Grand Junction

After the great success of the Liverpool & Manchester Railway, plans were made to build other railways. In 1833 the Grand Junction Railway was established. The plan was to link Birmingham to Liverpool & Manchester Railway at Newton Junction. The initial survey was carried out by John Rastrick.

The chairman of the Grand Junction Company was John Moss and he recruited George Stephenson and Joseph Locke as engineers. Joseph Locke had worked under George Stephenson at the Stockton & Darlington Railway and the Liverpool & Manchester Railway. Stephenson, who did not find it easy to share power with his former pupil and in 1835 decided to leave the project.

The Grand Junction Railway was over eighty-two miles long and linked Birmingham with the Liverpool & Manchester line. It passed through Wolverhampton, Stafford, Crewe and Warrington before reaching the Newton Junction. The line included 100 underbridges, 50 overbridges, 5 viaducts, 2 tunnels and 2 aqueducts. Joseph Locke used double-headed rails held in chairs mounted on wooden sleepers.

The railway was opened for passengers, parcels and light goods on 4th July, 1837 (heavy goods traffic had to wait until February, 1838). The Grand Junction was opened on 4th July 1837. Sixteen days later the London to Birmingham line was opened. This meant that the four major cities in England, London, Birmingham, Manchester and Liverpool were now all linked together by rail.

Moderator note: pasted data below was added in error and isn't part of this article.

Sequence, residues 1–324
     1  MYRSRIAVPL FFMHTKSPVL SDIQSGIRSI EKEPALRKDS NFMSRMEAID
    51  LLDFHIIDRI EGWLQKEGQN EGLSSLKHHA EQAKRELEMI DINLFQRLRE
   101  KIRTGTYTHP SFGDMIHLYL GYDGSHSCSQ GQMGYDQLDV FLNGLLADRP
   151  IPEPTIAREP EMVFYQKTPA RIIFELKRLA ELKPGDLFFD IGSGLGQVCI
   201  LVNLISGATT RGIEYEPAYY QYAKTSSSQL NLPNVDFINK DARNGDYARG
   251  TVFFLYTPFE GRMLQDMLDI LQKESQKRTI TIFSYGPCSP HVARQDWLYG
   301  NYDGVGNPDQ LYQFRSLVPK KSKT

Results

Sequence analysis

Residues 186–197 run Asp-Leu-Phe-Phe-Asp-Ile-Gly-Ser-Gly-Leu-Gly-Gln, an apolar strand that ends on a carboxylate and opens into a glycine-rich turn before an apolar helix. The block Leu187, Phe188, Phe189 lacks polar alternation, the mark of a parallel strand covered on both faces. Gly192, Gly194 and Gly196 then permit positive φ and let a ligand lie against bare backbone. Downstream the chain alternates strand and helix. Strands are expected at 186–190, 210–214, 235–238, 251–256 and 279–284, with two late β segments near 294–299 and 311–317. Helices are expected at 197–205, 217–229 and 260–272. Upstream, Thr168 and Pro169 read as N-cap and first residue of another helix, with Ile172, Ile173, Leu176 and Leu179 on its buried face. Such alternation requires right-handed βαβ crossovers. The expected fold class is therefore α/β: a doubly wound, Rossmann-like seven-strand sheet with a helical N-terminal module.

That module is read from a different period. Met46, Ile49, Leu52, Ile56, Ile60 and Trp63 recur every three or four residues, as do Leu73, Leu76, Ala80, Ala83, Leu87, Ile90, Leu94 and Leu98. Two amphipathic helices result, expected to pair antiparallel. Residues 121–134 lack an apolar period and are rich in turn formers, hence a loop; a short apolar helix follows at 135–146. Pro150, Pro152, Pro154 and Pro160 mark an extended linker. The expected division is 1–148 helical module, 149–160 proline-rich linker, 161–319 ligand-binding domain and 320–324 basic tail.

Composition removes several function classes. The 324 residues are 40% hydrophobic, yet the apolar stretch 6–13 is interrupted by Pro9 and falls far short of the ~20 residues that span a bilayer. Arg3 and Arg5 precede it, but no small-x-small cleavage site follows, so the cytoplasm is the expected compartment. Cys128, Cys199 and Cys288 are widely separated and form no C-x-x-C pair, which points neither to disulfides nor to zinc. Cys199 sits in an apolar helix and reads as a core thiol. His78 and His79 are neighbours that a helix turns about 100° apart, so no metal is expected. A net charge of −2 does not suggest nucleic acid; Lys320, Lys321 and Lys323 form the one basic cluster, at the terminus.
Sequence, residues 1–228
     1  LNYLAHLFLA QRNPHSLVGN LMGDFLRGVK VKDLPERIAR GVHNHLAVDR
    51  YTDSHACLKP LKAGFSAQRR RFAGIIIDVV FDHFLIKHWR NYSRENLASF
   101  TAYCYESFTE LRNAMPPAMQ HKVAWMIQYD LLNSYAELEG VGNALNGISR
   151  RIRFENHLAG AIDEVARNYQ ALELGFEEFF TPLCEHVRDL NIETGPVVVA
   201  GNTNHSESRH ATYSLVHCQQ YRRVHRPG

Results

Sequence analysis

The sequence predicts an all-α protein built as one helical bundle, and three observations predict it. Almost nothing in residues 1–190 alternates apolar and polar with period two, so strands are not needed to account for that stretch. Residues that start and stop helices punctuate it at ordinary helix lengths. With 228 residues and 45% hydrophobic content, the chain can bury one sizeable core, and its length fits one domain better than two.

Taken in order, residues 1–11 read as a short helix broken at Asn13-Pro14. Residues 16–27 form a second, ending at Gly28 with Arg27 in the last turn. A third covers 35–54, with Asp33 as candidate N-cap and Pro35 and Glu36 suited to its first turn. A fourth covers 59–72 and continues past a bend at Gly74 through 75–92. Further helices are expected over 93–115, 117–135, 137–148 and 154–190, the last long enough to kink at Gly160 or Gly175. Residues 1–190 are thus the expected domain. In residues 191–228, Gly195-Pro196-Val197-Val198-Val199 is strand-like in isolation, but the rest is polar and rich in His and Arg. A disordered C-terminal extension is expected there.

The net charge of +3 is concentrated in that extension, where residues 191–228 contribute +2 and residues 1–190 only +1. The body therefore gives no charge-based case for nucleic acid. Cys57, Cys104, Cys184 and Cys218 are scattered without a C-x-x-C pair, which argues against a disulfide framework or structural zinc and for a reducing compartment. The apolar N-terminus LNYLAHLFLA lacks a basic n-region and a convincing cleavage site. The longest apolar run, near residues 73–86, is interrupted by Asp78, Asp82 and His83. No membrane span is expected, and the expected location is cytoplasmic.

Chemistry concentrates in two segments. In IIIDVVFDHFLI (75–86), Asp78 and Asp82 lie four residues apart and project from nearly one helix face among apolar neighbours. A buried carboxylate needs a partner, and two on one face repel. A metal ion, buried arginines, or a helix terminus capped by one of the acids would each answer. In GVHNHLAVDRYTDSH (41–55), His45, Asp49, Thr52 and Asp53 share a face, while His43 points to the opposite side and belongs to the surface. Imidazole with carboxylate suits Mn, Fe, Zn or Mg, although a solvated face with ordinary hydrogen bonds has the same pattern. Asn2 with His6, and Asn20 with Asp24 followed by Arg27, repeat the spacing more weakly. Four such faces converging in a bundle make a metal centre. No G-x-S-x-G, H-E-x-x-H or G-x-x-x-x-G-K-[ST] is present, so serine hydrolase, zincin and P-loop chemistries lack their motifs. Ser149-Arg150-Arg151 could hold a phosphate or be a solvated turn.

The Grand Junction had the problem that many of its passengers wanted to travel part of the way on the Liverpool & Manchester line. After negotiations it was agreed that the Grand Junction would pay tolls to the company for the passengers and parcels that it carried on its behalf.

In 1841 George Bradshaw produced a railway map ofBritain. This section shows the Grand Junction Railway.
In 1841 George Bradshaw produced a railway map of
Britain. This section shows the Grand Junction Railway.